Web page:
Inflation and Poverty

Readers Question: why do most people prefer inflation to deflation ? is it because such guys are business owners and they don’t to earn a little or what ? what about poor people. how can they make ends meet? think properly, think widely, think about the poor first. then i am sure, you are going to change your mind.

The biggest cause of poverty in developed economies is unemployment. The real problem of deflation (or even very low inflation ) is that it creates an economic situation where unemployment tends to increase.

Inflation tends to hit not the poorest in society, but, the middle classes with savings. If you have cash savings, high inflation can destroy your wealth. The poorest often have little savings and are so not affected by inflation. (indeed the poorest may have debts which get wiped out by inflation) Also this point is largely academic in the post war period. As we have never really had a period of hyperinflation where real interest rates were negative.

An inflation rate, of say 5%, doesn’t necessarily make people worse off –
If Real interest rates are positive – savings don’t devalue. if we have nominal interest rates of 6 or 7% and inflation of 5% bank savings will increase in real value.
If Real Wages are positive. – If nominal wages increase faster than inflation, real wages rise.
Most benefits are index linked. Therefore a rise in inflation rate will lead to higher benefits for those who are out of work.

Therefore, a moderately higher inflation rate doesn’t necessarily increase poverty.

Why Does Deflation Cause Poverty?

Deflation tends to reduce aggregate demand and economic activity.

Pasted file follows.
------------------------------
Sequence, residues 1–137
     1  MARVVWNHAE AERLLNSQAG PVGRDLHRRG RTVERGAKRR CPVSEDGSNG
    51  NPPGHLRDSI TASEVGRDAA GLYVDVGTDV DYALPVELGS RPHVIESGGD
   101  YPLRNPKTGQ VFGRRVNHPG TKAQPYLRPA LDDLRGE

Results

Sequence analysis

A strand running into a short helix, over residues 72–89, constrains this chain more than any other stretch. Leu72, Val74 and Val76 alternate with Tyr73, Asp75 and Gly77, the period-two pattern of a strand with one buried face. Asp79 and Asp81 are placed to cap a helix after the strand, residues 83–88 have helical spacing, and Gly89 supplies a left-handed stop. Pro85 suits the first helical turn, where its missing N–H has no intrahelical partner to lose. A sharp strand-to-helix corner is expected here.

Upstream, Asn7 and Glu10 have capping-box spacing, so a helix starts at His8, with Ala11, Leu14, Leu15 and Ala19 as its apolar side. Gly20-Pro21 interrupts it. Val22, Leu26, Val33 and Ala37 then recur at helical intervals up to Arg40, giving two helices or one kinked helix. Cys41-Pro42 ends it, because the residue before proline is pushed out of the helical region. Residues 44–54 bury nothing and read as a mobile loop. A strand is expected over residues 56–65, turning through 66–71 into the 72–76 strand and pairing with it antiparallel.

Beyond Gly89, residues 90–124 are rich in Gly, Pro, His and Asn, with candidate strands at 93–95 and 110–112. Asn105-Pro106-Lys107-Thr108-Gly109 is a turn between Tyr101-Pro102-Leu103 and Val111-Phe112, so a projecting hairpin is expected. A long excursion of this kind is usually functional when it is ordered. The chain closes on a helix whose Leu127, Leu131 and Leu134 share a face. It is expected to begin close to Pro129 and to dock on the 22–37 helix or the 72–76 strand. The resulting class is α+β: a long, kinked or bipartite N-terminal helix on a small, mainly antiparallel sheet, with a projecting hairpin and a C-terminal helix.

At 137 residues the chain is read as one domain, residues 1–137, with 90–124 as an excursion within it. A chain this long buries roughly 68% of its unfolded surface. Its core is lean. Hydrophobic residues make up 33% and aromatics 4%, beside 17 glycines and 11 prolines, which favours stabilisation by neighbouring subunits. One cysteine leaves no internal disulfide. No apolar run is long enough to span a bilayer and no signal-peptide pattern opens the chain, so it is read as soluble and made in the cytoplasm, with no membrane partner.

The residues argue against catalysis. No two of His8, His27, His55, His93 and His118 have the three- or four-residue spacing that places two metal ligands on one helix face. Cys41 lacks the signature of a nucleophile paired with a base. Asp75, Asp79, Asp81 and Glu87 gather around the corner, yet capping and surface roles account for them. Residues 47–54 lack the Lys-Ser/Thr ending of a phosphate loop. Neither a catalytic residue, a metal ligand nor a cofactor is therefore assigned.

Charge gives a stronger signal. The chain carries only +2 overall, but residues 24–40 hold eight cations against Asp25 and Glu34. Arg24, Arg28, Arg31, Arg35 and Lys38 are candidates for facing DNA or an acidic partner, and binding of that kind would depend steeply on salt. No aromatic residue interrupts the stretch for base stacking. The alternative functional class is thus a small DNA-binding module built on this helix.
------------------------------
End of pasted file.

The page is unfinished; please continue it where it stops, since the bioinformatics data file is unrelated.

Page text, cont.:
If people expect prices to fall, people delay consumption and investment leading to lower output, and higher unemployment.
Deflation increases the real value of debts. This reduces living standards of those saddled with debts delaying growth and expansion.
In periods of deflation, nominal wages tend to be sticky downwards causing real wage unemployment.

– The worst period for poverty in the UK was not periods of high inflation (like the 1970s and late 80s). The worst periods were the 1920s and 1930s. Deflation in the 1920s was a major factor in causing mass unemployment and prolonging the great depression.

At all costs, we want to avoid deflation. Yet, there are many Central Banks around the world – especially the ECB, who seem to be unconcerned about the prospect of disinflation / deflation and the economic costs it will create.

Related

Deflation vs Inflation

5 thoughts on “Inflation and Poverty

  1. The above essay would be much improved by making a clear distinction from the outset between the two entirely different meanings of the word “deflation”. It can mean, first, “inadequate aggregate demand” or second, “falling prices”. Of course the former TENDS to cause the latter, but not necessarily. There IS such as thing as “stagflation” i.e. a combination of inadequate demand and excess inflation.

    Second, I’ve got doubts about this sentence: “The real problem of deflation (or even very low inflation ) is that it creates an economic situation where unemployment tends to increase.” There were several decades in the 1800s when prices were falling, yet the economy was buoyant.

    It is true, as the above article says, that “If people expect prices to fall, people delay consumption and investment leading to lower output, and higher unemployment.” But it doesn’t seem to me from the evidence from the 1800s that this is a powerful effect.

    Finally, the article says “Deflation in the 1920s was a major factor in causing mass unemployment and prolonging the great depression.” I suggest this sentence does not make much sense because of the failure here to clearly distinguish between the two meanings of the word “deflation”. Prices were not falling in the 1920s, thus the word deflation is presumably being used here to refer to inadequate demand. But there wasn’t any spectacular lack of aggregate demand for most of the 1920s. What did happen very late in the 1920s was that governments and central banks reined in demand so as to deal with the stock market boom. Then came the 1929 crash. But governments and central banks then failed to raise demand again. Hence the 1930s depression.

    1. Production is the process of transforming a set of resources into a good or service that has an economic value. these resources that are used refered to here as inputs are the factors of production

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